Choctaw Nation of Oklahoma

The Great Seal of the Choctaw Nation
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Susan (Stanton) Lewis-Bustin

Submitted by: Patty (Hill) Gambill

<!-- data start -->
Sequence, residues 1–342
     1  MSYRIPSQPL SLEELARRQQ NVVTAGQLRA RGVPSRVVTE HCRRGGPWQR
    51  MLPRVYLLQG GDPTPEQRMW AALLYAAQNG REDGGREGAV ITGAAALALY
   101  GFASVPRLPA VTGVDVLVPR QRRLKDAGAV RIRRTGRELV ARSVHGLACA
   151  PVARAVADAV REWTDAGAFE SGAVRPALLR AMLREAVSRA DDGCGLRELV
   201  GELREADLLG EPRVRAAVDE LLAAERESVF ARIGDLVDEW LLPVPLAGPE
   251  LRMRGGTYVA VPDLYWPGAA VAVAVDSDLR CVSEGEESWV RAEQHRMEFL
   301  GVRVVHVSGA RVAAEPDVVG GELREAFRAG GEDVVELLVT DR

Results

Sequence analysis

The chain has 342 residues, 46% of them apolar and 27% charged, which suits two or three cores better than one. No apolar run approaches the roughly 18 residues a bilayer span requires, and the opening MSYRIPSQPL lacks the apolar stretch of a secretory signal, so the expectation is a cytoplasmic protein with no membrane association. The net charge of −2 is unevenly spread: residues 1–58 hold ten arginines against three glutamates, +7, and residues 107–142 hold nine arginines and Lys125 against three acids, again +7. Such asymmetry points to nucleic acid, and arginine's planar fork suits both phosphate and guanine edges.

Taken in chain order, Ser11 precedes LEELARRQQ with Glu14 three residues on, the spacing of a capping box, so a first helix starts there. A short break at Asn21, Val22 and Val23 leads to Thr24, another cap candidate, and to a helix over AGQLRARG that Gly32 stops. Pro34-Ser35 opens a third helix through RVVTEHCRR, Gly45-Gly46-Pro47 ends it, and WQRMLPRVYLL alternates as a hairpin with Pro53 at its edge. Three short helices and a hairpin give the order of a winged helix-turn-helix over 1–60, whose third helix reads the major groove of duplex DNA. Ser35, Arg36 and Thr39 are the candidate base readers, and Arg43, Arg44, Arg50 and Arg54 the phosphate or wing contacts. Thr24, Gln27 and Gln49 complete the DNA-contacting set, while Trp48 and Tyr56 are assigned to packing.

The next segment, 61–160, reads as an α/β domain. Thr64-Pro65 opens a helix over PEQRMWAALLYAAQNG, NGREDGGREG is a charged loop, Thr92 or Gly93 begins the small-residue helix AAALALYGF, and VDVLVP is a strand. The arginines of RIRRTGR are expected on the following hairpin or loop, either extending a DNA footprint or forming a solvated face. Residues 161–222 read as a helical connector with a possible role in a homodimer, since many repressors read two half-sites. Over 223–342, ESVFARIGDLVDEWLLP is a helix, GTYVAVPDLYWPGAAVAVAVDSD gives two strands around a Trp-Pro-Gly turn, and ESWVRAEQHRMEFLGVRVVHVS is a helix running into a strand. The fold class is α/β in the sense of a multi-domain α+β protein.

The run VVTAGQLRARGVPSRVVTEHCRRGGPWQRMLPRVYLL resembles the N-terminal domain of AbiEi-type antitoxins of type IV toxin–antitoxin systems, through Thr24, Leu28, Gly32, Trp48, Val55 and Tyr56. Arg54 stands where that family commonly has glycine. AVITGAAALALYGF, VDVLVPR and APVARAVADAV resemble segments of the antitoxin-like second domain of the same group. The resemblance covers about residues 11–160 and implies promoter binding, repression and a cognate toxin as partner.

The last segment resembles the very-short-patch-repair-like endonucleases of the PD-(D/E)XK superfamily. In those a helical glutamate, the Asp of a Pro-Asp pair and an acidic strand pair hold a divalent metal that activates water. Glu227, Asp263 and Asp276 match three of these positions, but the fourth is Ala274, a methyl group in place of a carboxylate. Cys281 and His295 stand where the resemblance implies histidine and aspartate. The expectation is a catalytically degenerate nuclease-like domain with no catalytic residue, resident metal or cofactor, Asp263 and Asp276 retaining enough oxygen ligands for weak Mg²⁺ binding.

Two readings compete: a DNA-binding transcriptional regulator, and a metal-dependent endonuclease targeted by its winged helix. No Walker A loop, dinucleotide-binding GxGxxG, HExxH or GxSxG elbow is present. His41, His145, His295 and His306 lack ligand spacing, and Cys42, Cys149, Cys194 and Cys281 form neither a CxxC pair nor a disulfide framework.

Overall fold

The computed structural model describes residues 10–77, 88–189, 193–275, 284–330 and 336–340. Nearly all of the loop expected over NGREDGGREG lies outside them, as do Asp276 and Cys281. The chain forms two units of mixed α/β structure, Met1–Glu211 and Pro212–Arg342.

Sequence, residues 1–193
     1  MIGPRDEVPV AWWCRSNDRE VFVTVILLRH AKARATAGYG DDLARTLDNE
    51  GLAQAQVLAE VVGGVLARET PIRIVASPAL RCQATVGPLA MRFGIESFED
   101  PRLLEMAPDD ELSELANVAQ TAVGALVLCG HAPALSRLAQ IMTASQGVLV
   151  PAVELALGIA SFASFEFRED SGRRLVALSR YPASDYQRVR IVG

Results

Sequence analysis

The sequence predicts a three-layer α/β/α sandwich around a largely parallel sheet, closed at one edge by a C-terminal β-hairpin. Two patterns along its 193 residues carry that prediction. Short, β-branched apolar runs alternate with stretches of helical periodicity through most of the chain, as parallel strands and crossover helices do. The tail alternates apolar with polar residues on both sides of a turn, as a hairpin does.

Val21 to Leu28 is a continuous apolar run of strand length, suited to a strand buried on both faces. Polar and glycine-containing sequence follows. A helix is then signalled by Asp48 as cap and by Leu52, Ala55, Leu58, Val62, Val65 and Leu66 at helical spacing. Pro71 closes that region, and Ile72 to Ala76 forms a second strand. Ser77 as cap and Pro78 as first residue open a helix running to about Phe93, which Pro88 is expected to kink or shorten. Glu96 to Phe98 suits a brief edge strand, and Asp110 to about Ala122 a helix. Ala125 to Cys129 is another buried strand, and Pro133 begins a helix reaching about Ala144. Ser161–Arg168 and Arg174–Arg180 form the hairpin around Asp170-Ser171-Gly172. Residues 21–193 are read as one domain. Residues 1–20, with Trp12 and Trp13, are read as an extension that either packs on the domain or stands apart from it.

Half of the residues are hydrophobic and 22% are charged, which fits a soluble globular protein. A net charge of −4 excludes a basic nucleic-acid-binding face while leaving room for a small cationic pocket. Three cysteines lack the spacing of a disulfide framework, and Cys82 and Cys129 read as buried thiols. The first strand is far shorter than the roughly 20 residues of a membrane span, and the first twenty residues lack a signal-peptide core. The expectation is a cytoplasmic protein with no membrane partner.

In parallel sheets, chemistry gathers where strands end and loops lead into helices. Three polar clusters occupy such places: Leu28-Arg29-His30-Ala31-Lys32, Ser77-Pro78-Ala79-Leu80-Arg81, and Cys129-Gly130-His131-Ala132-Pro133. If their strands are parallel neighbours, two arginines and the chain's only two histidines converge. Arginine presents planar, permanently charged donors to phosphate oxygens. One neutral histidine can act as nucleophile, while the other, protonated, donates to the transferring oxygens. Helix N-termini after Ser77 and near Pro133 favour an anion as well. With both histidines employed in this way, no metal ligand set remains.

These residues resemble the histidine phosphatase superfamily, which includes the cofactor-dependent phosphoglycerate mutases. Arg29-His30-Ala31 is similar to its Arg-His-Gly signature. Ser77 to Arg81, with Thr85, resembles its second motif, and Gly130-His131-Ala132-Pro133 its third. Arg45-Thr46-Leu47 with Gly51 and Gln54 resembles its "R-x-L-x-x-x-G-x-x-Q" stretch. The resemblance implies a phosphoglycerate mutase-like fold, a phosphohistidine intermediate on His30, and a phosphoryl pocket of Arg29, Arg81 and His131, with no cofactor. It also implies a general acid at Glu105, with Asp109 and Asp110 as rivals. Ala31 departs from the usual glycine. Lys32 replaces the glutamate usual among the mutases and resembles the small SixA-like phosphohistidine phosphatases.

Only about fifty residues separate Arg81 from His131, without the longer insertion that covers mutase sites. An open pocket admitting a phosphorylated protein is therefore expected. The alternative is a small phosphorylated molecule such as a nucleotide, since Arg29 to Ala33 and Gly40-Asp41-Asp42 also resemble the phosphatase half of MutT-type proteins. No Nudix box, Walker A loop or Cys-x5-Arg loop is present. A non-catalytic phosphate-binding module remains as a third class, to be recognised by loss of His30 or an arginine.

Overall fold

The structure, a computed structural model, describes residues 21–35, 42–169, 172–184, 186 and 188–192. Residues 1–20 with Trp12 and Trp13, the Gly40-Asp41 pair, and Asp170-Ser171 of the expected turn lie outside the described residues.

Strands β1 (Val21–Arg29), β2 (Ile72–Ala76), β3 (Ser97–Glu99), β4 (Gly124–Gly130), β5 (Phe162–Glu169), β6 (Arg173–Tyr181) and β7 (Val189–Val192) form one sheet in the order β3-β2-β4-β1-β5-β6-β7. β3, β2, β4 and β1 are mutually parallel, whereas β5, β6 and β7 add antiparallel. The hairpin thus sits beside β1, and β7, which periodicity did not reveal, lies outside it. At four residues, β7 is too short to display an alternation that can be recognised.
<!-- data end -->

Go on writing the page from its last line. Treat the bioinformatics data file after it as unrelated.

Dr. James Morrison of Southeastern State University once said that farming was the most dangerous occupation in the Choctaw Nation during the Civil War. There were renegades roaming, bands made up of deserters from both armies, bandits and just plain mean men, all called “bushwhackers.” One summer day, it must have been midsummer because the corn was tall, a group of bushwhackers rode into the front yard of my great grandmother, Susan Ann Stanton, then a small child, near Old Bogy Depot. Susie Ann’s father came out the front door and down the steps to meet the men, and was shot. Susie’s mother ran out to her husband, and as she knelt beside him, one of the bushwhackers drove her big ivory comb into her skull with a rifle butt. Susie’s young brother ran to his mother’s side and was hot in the head, but was able to run away down the road. At that point the Negro Mammy grabbed Susan and Susan’s sibling and ran into the cornfield and hid among the tall cornrows. From there, they watched as the bushwhackers looted the house, dragged the mattresses from the second floor, piled them in the center hallway downstairs, and set fire to the house. After waiting to be sure the bushwhackers were gone, the Mammy took the children to her house and hid them under the bed. When it was safe to travel, the children were taken in a wagon to the home of a relative who was a doctor in Boggy Depot. In the 1855 Choctaw Annuities list of Atoka County were listed #3 A.L. Stanton and Thomas J. Stanton., and #5 were Dr. Thomas J. Bond and George Walker. Walkers mother was Rachel Durant who married first to Samuel Brashear, married second a Walker, and married third Zadock Brashear, brother of Samuel. Susan said her mother was a Brashear, so possible Rachel was her grandmother, but that has not been proved. After the war was over, Susan lived with her brother, Andrew Jackson Stanton, who was a Methodist missionary near Hackett, Arkansas and his wife Elizabeth George Mickle. Sometime between 1868 and before the 1875 annuities, A.J. Stanton died from tuberculosis contracted in the army during that last cold winter of the war. In the 1867-8 Choctaw list. A.J. Stanton had in his household, besides his won children, a male age under 10, and one make age 10-18 and one extra female, Susan Ann Stanton. In 1875, Elizabeth Stanton had only her own children, one male under 10 and four females, listed with her. They were Ophelia Pocahontas and William Starns Folsom;, Annie and S.G. Trout; Lillie V. and T.L. Carpenter; Rodolph J. and Francis “Fannie” Witcher. Elizabeth married second Ward Folsom and had Peter Ward Folsom and Mintia, who married Joseph D. Tannehill. Susan Stanton, after the death of her brother, went to live with her relatives, James J. and Rebecca (Burney) McAlester in McAlester, C.N. The McAlesters treated her as one of their own family members; and Susan told my grandmother many stories of her life there, including how she would sit on the stairs and watch the guest in their beautiful clothes at the Governor’s mansion, and of her first ride on a train to Denison, Texas. The stories she told her daughter, my grandmother, were told to me time and time again as my bedtime stories. At the McAlester’s home, Susan met William Andrew “Scott” Lewis, who worked at he McAlester store. Susan and Scott were married at the McAlester’s home by Rev. J.Y. Bryant. Lewis took wagon trains to Texas for supplies for the store, and fought bandits and renegade Indians who tried to rob him along the way. This was a dangerous occupation, so the newlyweds moved to a (now LeFlore County) farm. Five weeks before my grandmother Elizabeth Andrew “Lizzie Ann” Lewis was born on May 17, 1877, her father William Lewis died of pneumonia. Elizabeth Andrew Lewis was named for her father, and for Andrew and Elizabeth Stanton. William “Scott” Lewis’ first wife was Lucinda Nail, who died of TB circa 1873-4 near Atoka or Caddo, probably at her parents home. They had three children; (1) Josephine Lewis m/1 William Riechert, and m/2 Dr. Walker of Oklahoma City; (2) Howard Eugene Lewis, who married Alice Kincaid, and (3) William. These three children, I have heard, went to live with an “Aunt Tillie” who reared a number of orphan children. So that she could attend a nearby school, Lizzie Ann Lewis lived with her half-sister, Josephine Reichert, for a while. Susan Stanton was married second to George W. Bustin on February 23, 1881, in Sebastian County, Arkansas and lived near Rock Island, Indian Territory. Her daughter, Lizzie Ann Lewis, later attended Tuskahoma Female Academy and in 1895 her roommate was Lockie R. Hickman, daughter of Franklin P. and Serena H. (Folsom) Hickman and granddaughter of Rev. Willis Folsom, and Ladson Frazier and Rebecca Josephine (Ross) Hickman. Both Frank and Serena Hickman died young, so Frank’s younger brother, Lawrence Quinton Hickman went to Tuskahoma to bring his niece home for the summer in 1895. There he met my grandmother, Lizzie Ann Lewis, and they were married the next year after she finished school. Their children were Hugh Ross Hickman married to Etna Elmore, my mother, Josephine Hickman married to Allen Hill and second husband Cecil M. Terrell, Lawrence Quinton Hickman, who died young, and Edith Hickman married Landless Shannon.

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